Software is one of the main reasons for the sense of speed, or lack thereof, in both phones. While Samsung’s UX has definitely slimmed down in more recent iterations, it is still the feature rich and sometimes redundant user experience that can get bogged down by its own capabilities.
Samsung apps accompany the already existing Google app ecosystem, for example, with Bixby and Samsung Notes sitting right alongside Google Assistant and Google Drive applications. With all that it can do, we give credit to to Samsung for making its user interface at least look as clean as it possibly can be. Our main objective for the upcoming full VS will focus on the impending updates to Bixby, in which voice input and better Vision recognition are part of the menu.
On the other hand, Oxygen OS reaches its latest edition and adds refinements that include not only a Nougat-like look and feel, but also some of OnePlus’ own flavors. Shelf returns and is still a nice place to put one’s widgets so that they are out of the way, and we’ve already mentioned some of the available gestures and display features. There really isn’t too much else that this updated version of OnePlus’ OS brings that is overtly different, but that might actually play to the strength of the underdog competitor. After all, we are proponents of buying phones that have the features we will definitely use instead of the features we will never touch after the initial setup.
Which finally brings us to the cameras – as I mentioned before, a fuller VS comparison will happen later and will include a detailed picture analysis. For now though, we will highlight the fact that the Galaxy S8 is one of the flagships this year that is missing that increasingly key addition – a secondary camera. The OnePlus 5 manages to tuck in a 20 MP 2x zoom telephoto lens right next to its 16 MP main shooter in order to bring its own version of zoom and portrait mode to the Android masses.
The result is a picture experience that remains very familiar to previous software, meaning that swipes and minimal presses on the viewfinder are par for the course. We applaud the manual pro mode, however, which includes a toggle for RAW capture and even a histogram so that experienced photogs have those tools at the ready. Portrait mode is sure to be a hit among OnePlus 5 users, as a combination of the zoom, high resolution capture, and software bokeh effects will make capturing new profile pictures pretty damn easy.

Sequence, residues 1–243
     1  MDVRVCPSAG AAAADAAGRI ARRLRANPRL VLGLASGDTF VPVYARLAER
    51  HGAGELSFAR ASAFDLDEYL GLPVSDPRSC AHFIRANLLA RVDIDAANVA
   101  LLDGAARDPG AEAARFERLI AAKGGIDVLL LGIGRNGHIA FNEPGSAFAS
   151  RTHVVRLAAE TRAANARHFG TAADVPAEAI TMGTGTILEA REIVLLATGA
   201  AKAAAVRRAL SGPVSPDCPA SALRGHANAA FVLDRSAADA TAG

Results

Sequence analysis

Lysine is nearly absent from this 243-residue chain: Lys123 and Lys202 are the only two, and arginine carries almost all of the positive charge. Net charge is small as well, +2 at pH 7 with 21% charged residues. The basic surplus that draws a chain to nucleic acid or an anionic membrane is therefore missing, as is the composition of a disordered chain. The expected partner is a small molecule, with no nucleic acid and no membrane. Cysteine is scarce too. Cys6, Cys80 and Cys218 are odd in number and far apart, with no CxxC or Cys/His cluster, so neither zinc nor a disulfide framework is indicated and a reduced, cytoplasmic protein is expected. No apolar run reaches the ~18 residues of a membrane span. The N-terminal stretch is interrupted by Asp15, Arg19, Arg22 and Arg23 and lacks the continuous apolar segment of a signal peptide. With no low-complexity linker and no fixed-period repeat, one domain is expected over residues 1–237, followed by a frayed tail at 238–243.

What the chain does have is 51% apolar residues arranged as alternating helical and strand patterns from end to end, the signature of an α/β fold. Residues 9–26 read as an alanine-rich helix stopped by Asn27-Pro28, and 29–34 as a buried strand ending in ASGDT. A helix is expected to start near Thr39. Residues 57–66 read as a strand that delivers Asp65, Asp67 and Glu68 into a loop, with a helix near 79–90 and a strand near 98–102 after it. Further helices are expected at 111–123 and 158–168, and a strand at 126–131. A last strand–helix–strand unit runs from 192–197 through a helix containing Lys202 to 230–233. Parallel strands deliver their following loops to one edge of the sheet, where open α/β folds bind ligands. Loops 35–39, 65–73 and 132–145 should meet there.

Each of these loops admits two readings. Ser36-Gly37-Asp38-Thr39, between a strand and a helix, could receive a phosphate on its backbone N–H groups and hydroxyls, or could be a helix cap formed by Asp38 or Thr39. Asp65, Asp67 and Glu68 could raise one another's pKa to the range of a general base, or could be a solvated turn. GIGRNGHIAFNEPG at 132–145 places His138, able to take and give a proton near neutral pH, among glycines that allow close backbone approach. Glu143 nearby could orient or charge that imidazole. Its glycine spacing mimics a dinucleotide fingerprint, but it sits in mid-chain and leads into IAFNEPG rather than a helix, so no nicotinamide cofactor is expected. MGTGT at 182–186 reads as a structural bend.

Compare this to the Samsung camera, which is a fixed 12 MP dual pixel camera that is similar to last year’s well received shooters from the Galaxy S7 and the Note 7. There is little to complain about for good point-and-shoot capabilities, though Samsung makes sure to put in a bunch of features and its own Pro Mode. The front facing camera here is one of the only shooters to include autofocus, but OnePlus is trying to up the selfie game by making their front facing shooter a whopping 16 MP monster. Again, we will be making fuller comparisons in our upcoming VS pitting these two camera combos against one another.
There is a lot to like about both these phones and both have a lot to offer. The OnePlus 5 is available for a lesser price outright, making it the appealing choice for anyone that wants to go outside the typical flagship spectrum or that needs to keep an eye on the bottom line. But if you can afford the extra couple of Benjamins you’re unlikely to be disappointed by the Galaxy S8 and its luxurious display and design. Once Bixby finally arrives in full, we will have an even more in-depth look at these phones soon, so stay tuned for that and let us know which phone you’re leaning towards in the comments below.